The Coyotes are about to test their individual and collective physical and mental fortitude beginning with a contest against the Columbus Blue Jackets in Ohio.
The Coyotes have left the sunny skies of Arizona behind to try to focus on winning four critical road games over the next six days. If playing “away” cures the ills of a struggling NHL team by allowing them to play basic, fundamental hockey and win, let’s wish them safe travels!
This group of games includes much-anticipated battles with the Blue Jackets, Philadelphia Flyers, Pittsburgh Penguins, and Chicago Blackhawks, and the results may very well foretell what we can expect from the Coyotes for the remainder of their season.
Collectively, teams are tired, and the almost daily grind of traveling, playing numerous games (including back-to-backs) on shortened schedules, and an inability to have full practices all take their tolls. All these stressors have a significant impact on organizations, and we are only about one-third of the way through the season!
So let’s see what the pleasantly surprising Arizona Coyotes (thus far) have in store for us during the next four games. Will substandard performances from Clayton Keller and Phil Kessel continue to be the norm, or will they show signs of life and begin earning their paychecks?
Will Brad Richardson score a goal? Will Michael Grabner get more offensive playing time? Will a Coyote score on a breakaway? Will the defense be able to possess the puck without losing it to an opponent due to a bad pass inside their “D” zone? More critically, will the power play unit manage to successfully get the puck into the “O” zone and score a goal?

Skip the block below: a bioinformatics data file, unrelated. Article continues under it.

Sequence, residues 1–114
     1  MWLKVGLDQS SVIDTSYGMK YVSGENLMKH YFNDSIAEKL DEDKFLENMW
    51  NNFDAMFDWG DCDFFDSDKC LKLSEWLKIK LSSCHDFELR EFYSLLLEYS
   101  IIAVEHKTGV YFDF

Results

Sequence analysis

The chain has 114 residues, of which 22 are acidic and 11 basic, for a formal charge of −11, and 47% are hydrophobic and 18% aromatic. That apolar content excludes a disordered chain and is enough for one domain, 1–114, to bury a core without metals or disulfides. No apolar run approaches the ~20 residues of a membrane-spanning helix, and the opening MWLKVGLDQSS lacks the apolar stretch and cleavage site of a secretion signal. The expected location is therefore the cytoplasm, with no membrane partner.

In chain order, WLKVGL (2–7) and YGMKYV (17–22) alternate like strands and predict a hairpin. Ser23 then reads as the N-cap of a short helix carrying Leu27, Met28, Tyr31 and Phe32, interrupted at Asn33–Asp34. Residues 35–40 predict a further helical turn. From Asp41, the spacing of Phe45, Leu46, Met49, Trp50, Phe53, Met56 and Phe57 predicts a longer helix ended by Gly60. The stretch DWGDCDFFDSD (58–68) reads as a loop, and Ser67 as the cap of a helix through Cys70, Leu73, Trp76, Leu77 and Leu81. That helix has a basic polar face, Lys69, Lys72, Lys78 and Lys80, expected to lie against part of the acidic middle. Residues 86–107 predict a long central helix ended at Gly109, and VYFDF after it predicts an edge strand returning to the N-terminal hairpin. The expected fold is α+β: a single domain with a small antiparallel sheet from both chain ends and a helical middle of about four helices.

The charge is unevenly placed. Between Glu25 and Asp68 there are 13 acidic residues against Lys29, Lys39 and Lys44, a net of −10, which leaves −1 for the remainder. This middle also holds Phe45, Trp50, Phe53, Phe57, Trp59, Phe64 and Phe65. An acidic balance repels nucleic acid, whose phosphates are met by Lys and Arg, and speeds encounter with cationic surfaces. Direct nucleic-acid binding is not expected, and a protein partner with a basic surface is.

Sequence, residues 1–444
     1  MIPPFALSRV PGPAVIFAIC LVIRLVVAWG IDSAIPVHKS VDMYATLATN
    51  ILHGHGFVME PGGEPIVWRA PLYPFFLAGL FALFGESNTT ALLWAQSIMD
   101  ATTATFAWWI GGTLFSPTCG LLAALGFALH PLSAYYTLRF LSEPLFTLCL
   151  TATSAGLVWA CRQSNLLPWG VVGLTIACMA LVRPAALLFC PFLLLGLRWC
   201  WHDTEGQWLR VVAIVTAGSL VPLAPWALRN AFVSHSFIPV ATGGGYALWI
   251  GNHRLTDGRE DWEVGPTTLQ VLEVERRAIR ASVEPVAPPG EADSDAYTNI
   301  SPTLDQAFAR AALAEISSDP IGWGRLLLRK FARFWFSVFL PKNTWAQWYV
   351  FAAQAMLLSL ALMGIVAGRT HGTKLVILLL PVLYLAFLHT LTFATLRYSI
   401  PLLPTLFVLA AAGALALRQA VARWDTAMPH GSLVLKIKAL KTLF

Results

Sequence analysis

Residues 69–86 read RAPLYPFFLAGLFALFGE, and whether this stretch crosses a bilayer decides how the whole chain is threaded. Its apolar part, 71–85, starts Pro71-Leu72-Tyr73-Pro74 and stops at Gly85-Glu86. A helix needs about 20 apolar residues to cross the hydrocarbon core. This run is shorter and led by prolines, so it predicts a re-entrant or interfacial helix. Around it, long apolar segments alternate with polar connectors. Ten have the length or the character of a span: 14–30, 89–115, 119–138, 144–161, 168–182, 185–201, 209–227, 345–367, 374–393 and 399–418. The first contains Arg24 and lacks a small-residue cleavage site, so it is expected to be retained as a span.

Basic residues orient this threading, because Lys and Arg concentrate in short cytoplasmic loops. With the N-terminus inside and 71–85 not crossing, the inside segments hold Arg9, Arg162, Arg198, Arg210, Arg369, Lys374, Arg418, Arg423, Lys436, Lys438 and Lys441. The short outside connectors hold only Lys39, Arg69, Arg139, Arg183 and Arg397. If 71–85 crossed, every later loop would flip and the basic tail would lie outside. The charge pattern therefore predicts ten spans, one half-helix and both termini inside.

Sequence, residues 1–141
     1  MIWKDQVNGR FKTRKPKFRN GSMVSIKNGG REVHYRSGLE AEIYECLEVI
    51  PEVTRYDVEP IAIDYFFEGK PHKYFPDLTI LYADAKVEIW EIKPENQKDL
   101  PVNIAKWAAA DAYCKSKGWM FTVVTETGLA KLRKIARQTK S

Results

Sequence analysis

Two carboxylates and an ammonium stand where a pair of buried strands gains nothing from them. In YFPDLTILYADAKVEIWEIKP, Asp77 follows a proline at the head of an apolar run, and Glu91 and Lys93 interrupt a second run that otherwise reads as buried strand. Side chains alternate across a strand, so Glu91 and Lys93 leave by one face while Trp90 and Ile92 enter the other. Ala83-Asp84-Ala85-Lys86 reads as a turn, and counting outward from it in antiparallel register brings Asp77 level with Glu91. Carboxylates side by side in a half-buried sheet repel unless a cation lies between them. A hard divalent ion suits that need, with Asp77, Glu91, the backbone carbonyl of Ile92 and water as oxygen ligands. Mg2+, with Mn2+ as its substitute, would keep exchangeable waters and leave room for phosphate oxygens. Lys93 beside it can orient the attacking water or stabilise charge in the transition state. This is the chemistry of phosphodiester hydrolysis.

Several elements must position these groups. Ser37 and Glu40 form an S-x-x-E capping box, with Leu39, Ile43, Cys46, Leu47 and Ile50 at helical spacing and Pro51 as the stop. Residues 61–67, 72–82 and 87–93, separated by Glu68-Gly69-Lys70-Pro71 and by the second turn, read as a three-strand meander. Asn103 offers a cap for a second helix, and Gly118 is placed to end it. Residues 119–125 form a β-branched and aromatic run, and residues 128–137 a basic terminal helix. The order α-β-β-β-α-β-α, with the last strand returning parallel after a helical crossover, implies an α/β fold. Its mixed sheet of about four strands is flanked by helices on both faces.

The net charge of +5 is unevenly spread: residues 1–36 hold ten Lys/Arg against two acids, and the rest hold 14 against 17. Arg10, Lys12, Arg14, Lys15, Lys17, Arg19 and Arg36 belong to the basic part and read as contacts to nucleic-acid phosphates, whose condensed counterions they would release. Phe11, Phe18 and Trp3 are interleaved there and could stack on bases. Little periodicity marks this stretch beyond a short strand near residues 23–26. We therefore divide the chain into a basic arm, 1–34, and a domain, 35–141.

All these are valid concerns and I expect the “traveling version” of the Arizona Coyotes to improve on every count in the next 4 games.
But let’s take a look from a “macro” view for a minute. Do the Coyotes currently have the right personnel on their roster to make a serious run toward the playoffs?
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Much of the team have the hearts of lions but are sometimes banged around like lion cubs. Do the Coyotes need bigger players to balance things out both offensively and defensively? Do the ‘Yotes need more “mass” to help “muck it up” in the corners to gain or maintain possession of the puck?
Regardless of the answers to these questions, progress is measured in the actual results on the scoreboard. “Woulda, shoulda, coulda” doesn’t mean diddly. Good effort is meaningless.
If the Arizona Coyotes play the way they are capable of, that is with grit, determination, and the willingness to get down and dirty and win the one-on-one battles, they will be successful where it counts – on the scoreboard and in the standings.
Right now, however, the gap on the “potential meter” between what “is” and what “could be” is wide, and only the Coyotes have the power to narrow it. Let’s go Coyotes!